What you should know about AMC, Virgin Galactic, and 23 Other Names That Look Like Bubble Stocks

More bubble stocks exist today than at any other time over the past century—with one exception: the top of the dot-com bubble in March 2000.

That’s the conclusion I reached when applying the findings of a recent academic study to the current stock market. Entitled “The Dynamics of Disagreement,” the study was conducted by three finance professors: Kent Daniel of Columbia Business School, Alexander Klos of Germany’s Kiel University, and Simon Rottke of the University of Amsterdam. (Daniel used to be Goldman Sachs’ co-chief investment officer.)

To appreciate what the researchers found, it’s helpful to remember that in the normal give and take between buyers and sellers, bubble stocks should be few and far between. That’s because short sellers will be quick to bet against exuberant investors as they try to bid up their favorite stock to unreasonable prices. The professors hypothesized that bubble stocks will be more likely to form when short sellers face more than the usual obstacles to selling stocks short. To test this hypothesis, the researchers focused on high-flying stocks for which relatively few shares are available in the share-lending market. That lower volume makes it less likely that would-be short sellers will be able to find shares to borrow and ultimately sell short. That in turn makes it more likely that such stocks—what the professors refer to as “constrained winners”—will have gotten too far ahead of themselves and therefore underperform the market going forward.

The professors compiled a list of stocks that satisfied their criteria of being a constrained winner at any point between 1980 and mid-2020. They found that, on average, these stocks lagged the market for five straight years after making it on to the list, lagging the market over those five years by 60%. I think we can all agree that a loss that big satisfies the definition of a bubble bursting.

Today’s Bubble Stocks To determine which of today’s stocks satisfy the professors’ “constrained winner” criteria, I replicated, as closely as possible, their methodology with all exchange-listed U.S. stocks (courtesy of FactSet data). A total of 131 stocks survived, a high number—nearly three times the average since 1980 of 49. The only other month of the past four decades when the number was any higher was at the top of the dot-com bubble in early 2000, when 140 stocks satisfied the criteria. Since there are many fewer exchange-listed stocks today than in 2000, the 131 constrained winners today likely represent a record as a percentage of the total market. In an interview with Barron’s, Daniel said that he and his co-authors didn’t specifically study whether a larger constrained-winner group indicated that the overall market was more vulnerable to a decline. But he said it is certainly plausible that the large current number of constrained-winner stocks is a warning sign for the market as a whole. Prior Bubble Research The approach that the professors devised differs crucially from prior research into predicting bubble stocks. Many of those earlier efforts focused on performance alone, on the theory that “the higher they go, the further they fall.” And while that’s definitely a first step, this new research goes a step further to differentiate between winning stocks that are easily shorted and those that aren’t. It’s the latter that are particularly vulnerable, according to the professors. To appreciate the increased predictive power of focusing on stocks that are less easily shorted, consider the performance of stocks that are otherwise similar to those in the professors’ constrained-winners portfolio—but which are not difficult to short. On average, these “unconstrained” winners didn’t lag the market over the subsequent five years—in contrast to the constrained winners. The full list of 131 stocks is beyond the scope of this column. The table below lists the 25 with the largest market capitalizations. Bubble Candidates These 25 market-beating stocks are relatively difficult to sell short, making them impervious to the market's checks and balances.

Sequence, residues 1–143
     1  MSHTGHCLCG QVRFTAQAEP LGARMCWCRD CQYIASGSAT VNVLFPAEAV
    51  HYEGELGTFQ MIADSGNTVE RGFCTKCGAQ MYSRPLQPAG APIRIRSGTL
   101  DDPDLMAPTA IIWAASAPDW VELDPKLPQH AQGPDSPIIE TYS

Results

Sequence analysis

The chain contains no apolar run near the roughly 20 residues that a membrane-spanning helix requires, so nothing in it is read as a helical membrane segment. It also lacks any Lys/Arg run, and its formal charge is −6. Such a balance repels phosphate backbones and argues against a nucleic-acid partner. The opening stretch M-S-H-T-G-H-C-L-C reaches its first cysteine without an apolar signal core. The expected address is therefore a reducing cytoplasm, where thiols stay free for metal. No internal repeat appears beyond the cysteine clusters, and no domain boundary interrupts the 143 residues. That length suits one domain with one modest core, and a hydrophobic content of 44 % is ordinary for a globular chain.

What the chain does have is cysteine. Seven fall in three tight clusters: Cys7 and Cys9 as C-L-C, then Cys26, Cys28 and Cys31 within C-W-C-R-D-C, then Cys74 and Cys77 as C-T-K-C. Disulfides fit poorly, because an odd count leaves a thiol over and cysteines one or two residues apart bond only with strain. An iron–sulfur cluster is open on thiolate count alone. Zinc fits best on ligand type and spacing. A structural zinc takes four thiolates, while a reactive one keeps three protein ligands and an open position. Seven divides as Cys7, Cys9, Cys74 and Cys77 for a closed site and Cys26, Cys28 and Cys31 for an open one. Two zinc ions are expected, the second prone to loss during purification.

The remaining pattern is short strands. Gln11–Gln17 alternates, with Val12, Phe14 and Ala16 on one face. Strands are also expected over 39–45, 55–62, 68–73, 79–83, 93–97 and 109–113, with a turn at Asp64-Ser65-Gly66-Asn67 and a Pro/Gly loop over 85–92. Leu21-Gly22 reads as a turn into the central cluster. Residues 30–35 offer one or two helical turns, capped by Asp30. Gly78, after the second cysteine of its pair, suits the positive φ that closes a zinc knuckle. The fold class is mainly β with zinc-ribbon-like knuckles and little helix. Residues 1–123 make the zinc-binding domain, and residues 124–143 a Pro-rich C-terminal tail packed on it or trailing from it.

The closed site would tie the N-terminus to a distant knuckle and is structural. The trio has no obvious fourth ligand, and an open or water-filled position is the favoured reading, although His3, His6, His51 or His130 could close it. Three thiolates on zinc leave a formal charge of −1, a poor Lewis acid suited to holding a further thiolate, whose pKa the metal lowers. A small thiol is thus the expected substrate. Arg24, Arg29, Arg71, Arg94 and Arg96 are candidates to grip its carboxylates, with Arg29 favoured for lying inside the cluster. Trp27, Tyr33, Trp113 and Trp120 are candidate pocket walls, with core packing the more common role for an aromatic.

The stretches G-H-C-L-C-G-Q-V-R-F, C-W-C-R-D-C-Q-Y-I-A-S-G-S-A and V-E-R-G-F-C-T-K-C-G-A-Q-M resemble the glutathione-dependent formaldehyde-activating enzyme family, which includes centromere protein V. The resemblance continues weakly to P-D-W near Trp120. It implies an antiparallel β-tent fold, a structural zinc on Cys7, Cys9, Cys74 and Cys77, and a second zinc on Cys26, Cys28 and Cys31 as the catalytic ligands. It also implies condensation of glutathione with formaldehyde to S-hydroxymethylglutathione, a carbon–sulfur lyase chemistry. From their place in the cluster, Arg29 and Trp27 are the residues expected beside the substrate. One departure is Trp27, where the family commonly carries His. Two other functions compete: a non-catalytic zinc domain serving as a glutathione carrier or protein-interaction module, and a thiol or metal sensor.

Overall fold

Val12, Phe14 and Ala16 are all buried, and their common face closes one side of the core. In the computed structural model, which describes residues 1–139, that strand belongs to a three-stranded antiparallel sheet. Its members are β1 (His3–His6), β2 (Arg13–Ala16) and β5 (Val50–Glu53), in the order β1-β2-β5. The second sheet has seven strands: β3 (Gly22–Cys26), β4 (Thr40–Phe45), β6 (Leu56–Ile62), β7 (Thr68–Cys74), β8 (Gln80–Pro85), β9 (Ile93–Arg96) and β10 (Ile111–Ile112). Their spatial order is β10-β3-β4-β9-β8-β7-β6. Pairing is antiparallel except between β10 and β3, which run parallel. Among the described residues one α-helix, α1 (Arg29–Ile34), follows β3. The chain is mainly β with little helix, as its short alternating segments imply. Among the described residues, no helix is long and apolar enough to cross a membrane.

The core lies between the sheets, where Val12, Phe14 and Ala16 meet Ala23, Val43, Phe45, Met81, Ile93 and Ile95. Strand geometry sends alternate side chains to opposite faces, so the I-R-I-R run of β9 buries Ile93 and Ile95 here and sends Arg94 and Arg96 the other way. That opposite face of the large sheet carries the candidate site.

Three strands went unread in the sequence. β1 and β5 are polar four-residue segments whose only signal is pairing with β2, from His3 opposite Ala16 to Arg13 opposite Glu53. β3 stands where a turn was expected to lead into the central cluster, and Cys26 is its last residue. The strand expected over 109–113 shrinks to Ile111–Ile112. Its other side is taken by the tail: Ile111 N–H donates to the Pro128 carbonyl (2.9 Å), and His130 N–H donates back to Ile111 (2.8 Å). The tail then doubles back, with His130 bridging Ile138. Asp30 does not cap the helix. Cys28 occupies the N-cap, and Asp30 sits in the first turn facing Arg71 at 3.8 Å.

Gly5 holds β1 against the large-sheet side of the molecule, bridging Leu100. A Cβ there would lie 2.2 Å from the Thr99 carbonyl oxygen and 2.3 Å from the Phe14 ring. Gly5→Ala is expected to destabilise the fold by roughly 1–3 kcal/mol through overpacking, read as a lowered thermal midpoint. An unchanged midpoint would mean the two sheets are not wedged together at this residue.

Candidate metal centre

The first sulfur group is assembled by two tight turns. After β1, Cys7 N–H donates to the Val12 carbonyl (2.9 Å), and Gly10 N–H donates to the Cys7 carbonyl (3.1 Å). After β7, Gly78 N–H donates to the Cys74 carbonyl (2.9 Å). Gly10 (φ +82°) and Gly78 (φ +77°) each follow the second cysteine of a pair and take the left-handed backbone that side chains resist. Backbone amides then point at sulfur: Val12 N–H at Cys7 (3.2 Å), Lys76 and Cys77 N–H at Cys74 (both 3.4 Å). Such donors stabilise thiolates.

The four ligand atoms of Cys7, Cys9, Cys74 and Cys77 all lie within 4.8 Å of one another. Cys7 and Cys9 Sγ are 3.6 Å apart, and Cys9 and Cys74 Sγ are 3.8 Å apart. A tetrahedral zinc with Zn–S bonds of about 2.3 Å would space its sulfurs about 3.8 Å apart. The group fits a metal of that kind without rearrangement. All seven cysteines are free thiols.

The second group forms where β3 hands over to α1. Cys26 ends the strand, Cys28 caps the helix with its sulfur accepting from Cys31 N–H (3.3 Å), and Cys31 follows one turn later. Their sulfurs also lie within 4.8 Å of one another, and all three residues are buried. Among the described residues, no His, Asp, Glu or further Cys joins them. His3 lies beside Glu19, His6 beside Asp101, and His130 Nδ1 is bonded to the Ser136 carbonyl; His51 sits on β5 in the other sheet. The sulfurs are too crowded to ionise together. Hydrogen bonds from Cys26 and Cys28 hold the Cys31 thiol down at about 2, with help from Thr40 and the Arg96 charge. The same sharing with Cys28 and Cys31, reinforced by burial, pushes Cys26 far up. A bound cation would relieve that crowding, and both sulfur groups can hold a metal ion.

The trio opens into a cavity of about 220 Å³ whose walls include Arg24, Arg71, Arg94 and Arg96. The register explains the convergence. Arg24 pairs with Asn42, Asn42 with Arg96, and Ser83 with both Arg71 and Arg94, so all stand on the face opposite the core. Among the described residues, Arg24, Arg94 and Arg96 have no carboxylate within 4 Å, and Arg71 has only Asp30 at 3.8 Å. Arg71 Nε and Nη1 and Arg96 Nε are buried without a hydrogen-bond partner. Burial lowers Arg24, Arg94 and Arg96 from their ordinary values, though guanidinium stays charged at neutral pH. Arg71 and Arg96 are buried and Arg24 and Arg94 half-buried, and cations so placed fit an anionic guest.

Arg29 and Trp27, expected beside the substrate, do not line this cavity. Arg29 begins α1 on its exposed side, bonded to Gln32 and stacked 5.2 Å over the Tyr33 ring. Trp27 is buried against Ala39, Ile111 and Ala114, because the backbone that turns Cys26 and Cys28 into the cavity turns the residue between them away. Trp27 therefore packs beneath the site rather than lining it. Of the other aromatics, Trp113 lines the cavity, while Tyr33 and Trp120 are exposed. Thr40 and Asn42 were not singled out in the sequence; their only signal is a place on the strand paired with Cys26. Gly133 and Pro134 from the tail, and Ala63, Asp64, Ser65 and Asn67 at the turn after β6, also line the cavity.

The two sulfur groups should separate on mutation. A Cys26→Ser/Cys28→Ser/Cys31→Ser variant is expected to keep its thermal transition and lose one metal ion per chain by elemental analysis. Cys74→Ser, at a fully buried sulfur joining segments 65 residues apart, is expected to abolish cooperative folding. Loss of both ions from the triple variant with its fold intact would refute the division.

Source: FactSet

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